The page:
Positive psychologists are hailing a new handbook of positive personality traits, called "Character Strengths and Virtues" and published in May by APA and Oxford University Press, as an important development in the science of positive psychology.
The book, compiled by psychologists Christopher Peterson, PhD, of the University of Michigan, and Martin E.P. Seligman, PhD, of the University of Pennsylvania, classifies and offers measures of 24 separate strengths--including authenticity, persistence, kindness, gratitude, hope and humor--which fit into six broad categories of virtues: wisdom, courage, humanity, justice, temperance and transcendence (see box).
This new classification of positive characteristics is in some ways a counterpart to the DSM's classification of psychological pathology, says Peterson.
"We hope that we've provided a vocabulary for people to talk about and assess positive attributes," he says. "If you want to talk about the good, here's how you can do it. More concretely, therapists and their clients could become interested in building strengths through this classification. So instead of psychologists working only to help people change their bad habits, they can help inculcate good habits."
The book examines each strength--its meaning, measurement, causes, correlates and consequences--in a separate chapter by a prominent psychologist studying that area. For example, the chapter on creativity was written by psychologist Dean Keith Simonton, PhD, whose work at the University of California, Davis, focuses on creativity in leadership. The book offers the theoretical as well as the practical, says Seligman.
"The most important thing the classification does for us is ask what interventions actually build these 24 strengths, but to do that, first you have to define them, which the book also does," Seligman says. "Those definitions will foster a new generation of research into what kinds of interventions and experiences enable and build these virtues."
Using the classification
Seligman's interest in positive psychology stems from his work as a psychotherapist, in which he often encountered the question from clients: "How can I be happy?" Seligman said he wound up treating these patients for depression, but that didn't necessarily increase their happiness because he didn't have specific tools to build positive traits.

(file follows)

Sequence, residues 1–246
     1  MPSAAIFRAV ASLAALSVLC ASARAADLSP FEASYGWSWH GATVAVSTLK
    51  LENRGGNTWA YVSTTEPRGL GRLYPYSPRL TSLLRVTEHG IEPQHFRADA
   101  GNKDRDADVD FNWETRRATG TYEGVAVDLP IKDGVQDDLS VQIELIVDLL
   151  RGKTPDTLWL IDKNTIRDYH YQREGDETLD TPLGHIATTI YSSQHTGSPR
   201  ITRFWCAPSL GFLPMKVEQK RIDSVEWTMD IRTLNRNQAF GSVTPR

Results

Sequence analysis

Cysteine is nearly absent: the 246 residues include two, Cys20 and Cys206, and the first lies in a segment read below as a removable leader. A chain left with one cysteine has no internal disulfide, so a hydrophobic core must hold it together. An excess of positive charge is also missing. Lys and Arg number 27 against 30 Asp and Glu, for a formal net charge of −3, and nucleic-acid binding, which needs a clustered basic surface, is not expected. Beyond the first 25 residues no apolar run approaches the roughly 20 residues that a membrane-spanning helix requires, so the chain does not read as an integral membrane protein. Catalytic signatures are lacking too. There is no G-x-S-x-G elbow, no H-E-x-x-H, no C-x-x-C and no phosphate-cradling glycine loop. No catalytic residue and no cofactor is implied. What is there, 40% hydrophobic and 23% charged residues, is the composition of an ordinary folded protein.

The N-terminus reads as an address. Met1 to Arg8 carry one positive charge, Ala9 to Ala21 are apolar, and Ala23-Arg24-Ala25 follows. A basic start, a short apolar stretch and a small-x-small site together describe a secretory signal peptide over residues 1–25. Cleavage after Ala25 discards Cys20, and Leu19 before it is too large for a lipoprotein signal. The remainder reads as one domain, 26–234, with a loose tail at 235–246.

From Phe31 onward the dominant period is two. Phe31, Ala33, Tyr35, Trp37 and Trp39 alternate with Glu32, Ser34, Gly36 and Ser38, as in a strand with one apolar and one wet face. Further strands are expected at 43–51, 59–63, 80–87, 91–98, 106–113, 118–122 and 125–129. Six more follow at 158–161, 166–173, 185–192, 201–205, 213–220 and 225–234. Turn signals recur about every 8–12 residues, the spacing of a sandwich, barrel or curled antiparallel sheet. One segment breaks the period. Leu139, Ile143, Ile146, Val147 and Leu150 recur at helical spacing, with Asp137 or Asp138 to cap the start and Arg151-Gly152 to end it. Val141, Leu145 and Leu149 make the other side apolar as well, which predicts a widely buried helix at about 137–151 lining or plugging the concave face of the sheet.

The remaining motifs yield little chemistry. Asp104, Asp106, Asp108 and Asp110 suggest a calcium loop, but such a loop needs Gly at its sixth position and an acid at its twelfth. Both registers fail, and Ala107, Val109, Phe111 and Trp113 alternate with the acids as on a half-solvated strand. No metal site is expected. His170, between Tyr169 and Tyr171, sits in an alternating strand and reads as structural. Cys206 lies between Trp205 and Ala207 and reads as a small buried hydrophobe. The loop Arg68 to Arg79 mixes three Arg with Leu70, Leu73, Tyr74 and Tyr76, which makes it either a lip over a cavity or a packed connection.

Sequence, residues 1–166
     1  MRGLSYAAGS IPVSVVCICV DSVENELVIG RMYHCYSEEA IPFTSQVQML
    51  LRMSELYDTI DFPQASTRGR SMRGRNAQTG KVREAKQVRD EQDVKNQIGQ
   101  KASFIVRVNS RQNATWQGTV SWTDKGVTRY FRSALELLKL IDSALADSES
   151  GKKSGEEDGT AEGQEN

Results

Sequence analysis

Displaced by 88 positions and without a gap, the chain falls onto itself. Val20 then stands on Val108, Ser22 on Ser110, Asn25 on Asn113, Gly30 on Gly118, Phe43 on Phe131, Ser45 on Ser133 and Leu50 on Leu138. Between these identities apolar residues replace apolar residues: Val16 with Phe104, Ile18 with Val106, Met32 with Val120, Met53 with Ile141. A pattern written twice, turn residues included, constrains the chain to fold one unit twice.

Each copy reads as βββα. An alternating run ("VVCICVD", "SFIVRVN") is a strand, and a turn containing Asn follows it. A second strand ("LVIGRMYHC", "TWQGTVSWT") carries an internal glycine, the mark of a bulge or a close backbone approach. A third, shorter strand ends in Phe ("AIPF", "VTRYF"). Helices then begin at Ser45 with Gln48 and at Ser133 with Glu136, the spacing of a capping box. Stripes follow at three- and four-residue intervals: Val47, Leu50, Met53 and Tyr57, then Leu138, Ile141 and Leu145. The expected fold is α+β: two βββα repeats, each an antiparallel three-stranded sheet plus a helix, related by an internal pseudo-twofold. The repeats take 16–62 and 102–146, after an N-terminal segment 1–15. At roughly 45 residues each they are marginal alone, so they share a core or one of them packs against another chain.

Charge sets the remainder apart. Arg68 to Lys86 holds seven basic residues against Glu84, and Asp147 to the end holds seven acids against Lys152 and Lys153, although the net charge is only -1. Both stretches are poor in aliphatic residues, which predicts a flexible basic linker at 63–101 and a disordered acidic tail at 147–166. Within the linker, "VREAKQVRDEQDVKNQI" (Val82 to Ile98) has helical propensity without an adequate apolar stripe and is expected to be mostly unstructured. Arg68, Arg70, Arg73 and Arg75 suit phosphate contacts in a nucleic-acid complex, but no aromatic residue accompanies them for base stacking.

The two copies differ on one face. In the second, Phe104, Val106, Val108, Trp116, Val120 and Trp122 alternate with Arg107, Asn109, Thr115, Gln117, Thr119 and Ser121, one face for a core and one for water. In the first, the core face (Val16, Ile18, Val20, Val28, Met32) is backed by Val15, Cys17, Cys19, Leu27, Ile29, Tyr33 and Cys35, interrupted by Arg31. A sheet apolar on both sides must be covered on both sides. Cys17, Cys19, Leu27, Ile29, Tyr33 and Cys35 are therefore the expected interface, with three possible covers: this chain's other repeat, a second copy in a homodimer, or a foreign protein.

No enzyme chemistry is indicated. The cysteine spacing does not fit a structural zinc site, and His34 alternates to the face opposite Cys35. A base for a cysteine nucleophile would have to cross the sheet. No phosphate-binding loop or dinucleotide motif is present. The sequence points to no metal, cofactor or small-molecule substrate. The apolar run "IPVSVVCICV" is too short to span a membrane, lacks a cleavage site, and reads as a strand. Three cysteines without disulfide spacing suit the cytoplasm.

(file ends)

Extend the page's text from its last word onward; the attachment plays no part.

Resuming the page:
"Clinical psychologists are going to be able to start using this classification right away to work to raise happiness in their patients," Seligman says. "It's meant to be another arrow in their quiver. We should keep treating disorders and add the arrows of positive psychology."
More specifically, says Peterson, psychologists could help clients develop the five key traits that seem to be most strongly associated with life satisfaction: hope, zest, curiosity, gratitude and love. The book suggests, for example, that people can build gratitude a number of ways, including by developing a broad perspective on life and by perceiving the good and bad moments in their lives and life itself as gifts. They can also:
Construct families and workplaces that encourage and foster gratitude in their members, as a way of training people to routinely experience gratitude.
Encourage marital partners to express gratitude to each other, as research shows expressed appreciation is one of the cornerstones of healthy marriages.
Incorporate training on expressing and inspiring gratitude into existing leadership and management training programs.
Research past and future
Seligman and Peterson based the classification system in the book on 20 years of research into positive traits and based the practical recommendations on case studies and fledgling intervention research. They and other psychologists have conducted randomized, placebo-controlled studies on six different strategies designed to build particular positive traits.
For example, in 2002 Seligman and psychologist Ed Diener, PhD, of the University of Illinois at Urbana-Champaign published findings about the routine behaviors of very happy people in Psychological Science (Vol. 13, No. 1). They found that happy people were highly social, had stronger romantic and other social relationships than other groups and reported themselves to be more extraverted, more agreeable and less neurotic than other groups. Seligman and Peterson found similar results in further research conducted largely through a Web site --www.authentichappiness.com--sponsored by the Values in Action Institute, a nonprofit organization directed by Seligman.
And the work is continuing. Indeed, there remains much to be studied about how and if people can learn to add particular character strengths to their personalities, Peterson says.
"In principle, all the strengths can be worked on," he says. "However, the temperance strengths, like patience, which are typically lower in most people, are hard to work on because they require skills we're not necessarily wired for. Something like kindness is easier, because you're not fighting against any programmed tendencies."